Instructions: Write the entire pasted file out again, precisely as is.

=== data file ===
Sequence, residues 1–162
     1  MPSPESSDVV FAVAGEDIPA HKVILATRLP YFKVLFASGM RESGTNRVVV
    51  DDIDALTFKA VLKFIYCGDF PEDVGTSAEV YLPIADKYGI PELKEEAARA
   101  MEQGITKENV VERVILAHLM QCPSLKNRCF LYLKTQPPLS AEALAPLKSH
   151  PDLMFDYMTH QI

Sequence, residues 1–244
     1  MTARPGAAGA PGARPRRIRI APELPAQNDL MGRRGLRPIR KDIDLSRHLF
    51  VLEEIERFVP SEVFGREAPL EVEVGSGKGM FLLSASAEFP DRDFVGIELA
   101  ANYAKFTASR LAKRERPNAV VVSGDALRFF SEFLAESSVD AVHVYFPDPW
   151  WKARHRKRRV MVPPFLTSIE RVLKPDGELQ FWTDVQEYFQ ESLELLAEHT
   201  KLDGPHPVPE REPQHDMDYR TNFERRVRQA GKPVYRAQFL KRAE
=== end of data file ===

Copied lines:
Sequence, residues 1–162
     1  MPSPESSDVV FAVAGEDIPA HKVILATRLP YFKVLFASGM RESGTNRVVV
    51  DDIDALTFKA VLKFIYCGDF PEDVGTSAEV YLPIADKYGI PELKEEAARA
   101  MEQGITKENV VERVILAHLM QCPSLKNRCF LYLKTQPPLS AEALAPLKSH
   151  PDLMFDYMTH QI

Sequence, residues 1–244
     1  MTARPGAAGA PGARPRRIRI APELPAQNDL MGRRGLRPIR KDIDLSRHLF
    51  VLEEIERFVP SEVFGREAPL EVEVGSGKGM FLLSASAEFP DRDFVGIELA
   101  ANYAKFTASR LAKRERPNAV VVSGDALRFF SEFLAESSVD AVHVYFPDPW
   151  WKARHRKRRV MVPPFLTSIE RVLKPDGELQ FWTDVQEYFQ ESLELLAEHT
   201  KLDGPHPVPE REPQHDMDYR TNFERRVRQA GKPVYRAQFL KRAE